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Two Composers Leave Their Mark On Dallas With JFK Music Premieres

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Categorized Under: Local Events, Music

Dallas audiences heard two music premieres this weekend, both commissioned to celebrate the legacy of John F. Kennedy on the 50th anniversary of his assassination. Listeners of the symphonic work and chamber piece found the music moving and effective, whether they lived through trauma half a century ago or not.

The Dallas Symphony Orchestra premiered Conrad Tao’s The World Is Very Different Now Thursday night with performances through yesterday. Audiences KERA talked to could not believe pianist, violinist and composer Tao is still a teenager.

Carol Rawitscher: “Oh my God, 19 and he wrote this, and he…

Gilbert Bruneman: “He’s amazing. Nineteen and be able to do that…”

Carol Rawitscher and George Bruneman loved the performance. Although Tao wrote it as a stand-alone work, a video of archival Kennedy scenes ran in the concert hall. Rawitscher said the music was almost a sound track.

“It was wonderful and I don’t like contemporary music as a rule,” said Rawitscher. “It also grabbed the spirit of what happened. It was the joy and then the sadness and then the hope. And you could just feel that. And the video helped, I think.”

Bruneman, an eye-witness to the assassination, agreed.

“I thought it was great, especially the beginning, the film and all that . I was really interested because I was there when he was killed. It brought back memories. I was right on the street when he was killed so it brought back memories.”

The piece was moving for Brandon Walker too, who was born decades after the assassination.

“You know you could tell that, in the beginning of the piece, it had a very, very presidential, the trumpets coming in, an up beat feel,” said Walker. “And you could follow the piece through everything that happened. You could feel the energy with everything that happened. and then the drop, and almost that interference of the alto sax saying ‘Oh my, something happened.’ ”

Composer Tao said he didn’t write the piece as a score with a story line, but that’s how many took it. The Nasher Sculpture Center also co-commissioned a piece by composer Steven Mackey. In contrast to Tao’s full orchestral score, Mackey wrote an intimate, though longer piece for string quartet, called One Red Rose.

“I was not so much trying to depict scenes as more feelings,” Mackey said, “just sort of emotions. I can see how people would bring recollections to it. That’s fine with me.”

Mackey’s music, composed more with Jacqueline Kennedy in mind than Jack, was exciting to Kenneth Agyemang.

“It was like a very touching, moving piece,” Agyemang said. “Overall, it was pretty great. That was really intense, really heavy, dark deep, and towards the end it got to be I guess a lot more happier. Just, you couldn’t forget about the accomplishments he had and just the mark he had.”

Many who heard Steve Mackey’s piece and that of Conrad Tao say both composers left their mark on Dallas this weekend.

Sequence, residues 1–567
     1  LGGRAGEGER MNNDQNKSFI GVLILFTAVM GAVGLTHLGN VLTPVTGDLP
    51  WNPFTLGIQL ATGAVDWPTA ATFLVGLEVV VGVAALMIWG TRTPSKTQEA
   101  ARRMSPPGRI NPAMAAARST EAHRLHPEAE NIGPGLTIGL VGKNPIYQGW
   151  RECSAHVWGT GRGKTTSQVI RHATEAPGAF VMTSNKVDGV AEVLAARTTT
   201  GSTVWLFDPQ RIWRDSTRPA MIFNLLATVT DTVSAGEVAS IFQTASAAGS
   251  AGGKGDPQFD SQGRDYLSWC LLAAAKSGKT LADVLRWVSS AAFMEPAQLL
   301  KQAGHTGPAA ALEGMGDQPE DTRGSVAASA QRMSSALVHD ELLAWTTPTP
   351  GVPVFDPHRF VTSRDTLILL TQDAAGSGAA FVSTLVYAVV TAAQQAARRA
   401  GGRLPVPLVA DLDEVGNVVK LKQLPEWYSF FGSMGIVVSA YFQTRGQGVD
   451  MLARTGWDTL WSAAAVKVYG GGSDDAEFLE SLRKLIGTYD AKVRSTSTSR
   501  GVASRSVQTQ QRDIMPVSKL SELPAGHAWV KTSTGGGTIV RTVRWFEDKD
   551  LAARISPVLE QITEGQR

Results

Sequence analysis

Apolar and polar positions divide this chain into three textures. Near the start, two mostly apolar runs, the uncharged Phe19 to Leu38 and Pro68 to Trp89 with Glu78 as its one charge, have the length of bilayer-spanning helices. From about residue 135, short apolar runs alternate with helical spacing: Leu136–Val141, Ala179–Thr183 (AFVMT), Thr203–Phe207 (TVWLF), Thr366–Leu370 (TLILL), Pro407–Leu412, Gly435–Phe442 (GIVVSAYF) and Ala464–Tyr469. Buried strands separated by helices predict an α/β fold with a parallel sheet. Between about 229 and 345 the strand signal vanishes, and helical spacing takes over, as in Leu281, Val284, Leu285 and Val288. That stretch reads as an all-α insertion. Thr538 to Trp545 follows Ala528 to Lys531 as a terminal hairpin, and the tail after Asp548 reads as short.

• Arlington Ed

    [2nd edit.: Corrected – please disregard the two previous versions of my comments on this story]

    I find this story a little confusing.

    I attended the Dallas Symphony Orchestra’s (DSO’s) John F. Kennedy memorial performance at the Meyerson concert hall on Sunday, November 24 (the date of
    President Kennedy’s funeral as well as my father’s death 10 years ago). There were two Kennedy-specific pieces performed Sunday – the premier of the Conrad Tao work discussed in the story at hand, and a second, shorter work, “Murder of a Great Chief of State”, written by Darius Milhaud and first performed one week after President Kennedy was buried.

    I very much enjoyed the Orchestra’s performance and my visit downtown in general – the subtle excellence of the Meyerson Symphony Center itself, the filling of its space with the luxurious music of the Orchestra, my spying the members of the diverse crowd and enjoying their unrelenting politeness and tolerance of my overrall scruffiness, my perusing the alluring baubles in the gift shop, the pealing of the bells of the Catholic church across the street as the grey late afternoon became a sparkling early evening – all made for the major part of a day well spent. So when I saw that Art & Seek had a review of the very performance I attended, I was looking forward to comparing my experience with the writer had to say.

    But one thing that wasn’t a part of my afternoon, contrary to what this story implies, was my hearing any premier of a “… piece by composer Steve Mackey” co-commissioned by the Nasher Sculpture Center. What’s commentary about this piece doing popping up mid-paragraph in a story that up to that point was entirely about a piece premiered by the DSO at the Meyerson? Did I pay for a ticket to music performed by the DSO that I missed because I didn’t know about it? Upon reading a suggestion of such, I’m getting a little mad.

    It took me a few readings of this story to figure out just was performed and where on Sunday. The Meyerson and the Nasher don’t connect – they’re two blocks away from each other – and it’s unwarranted to assume that anyone attending one performance also attended the other. The Nasher event deserves a sharper introduction and distinction than this story gives it; as it stands I was initially bewildered as to what the writer was talking about – was there some chamber peformance by a stripped-down portion of the Orchestra that I missed? Sheesh. Don’t you guys have an editor?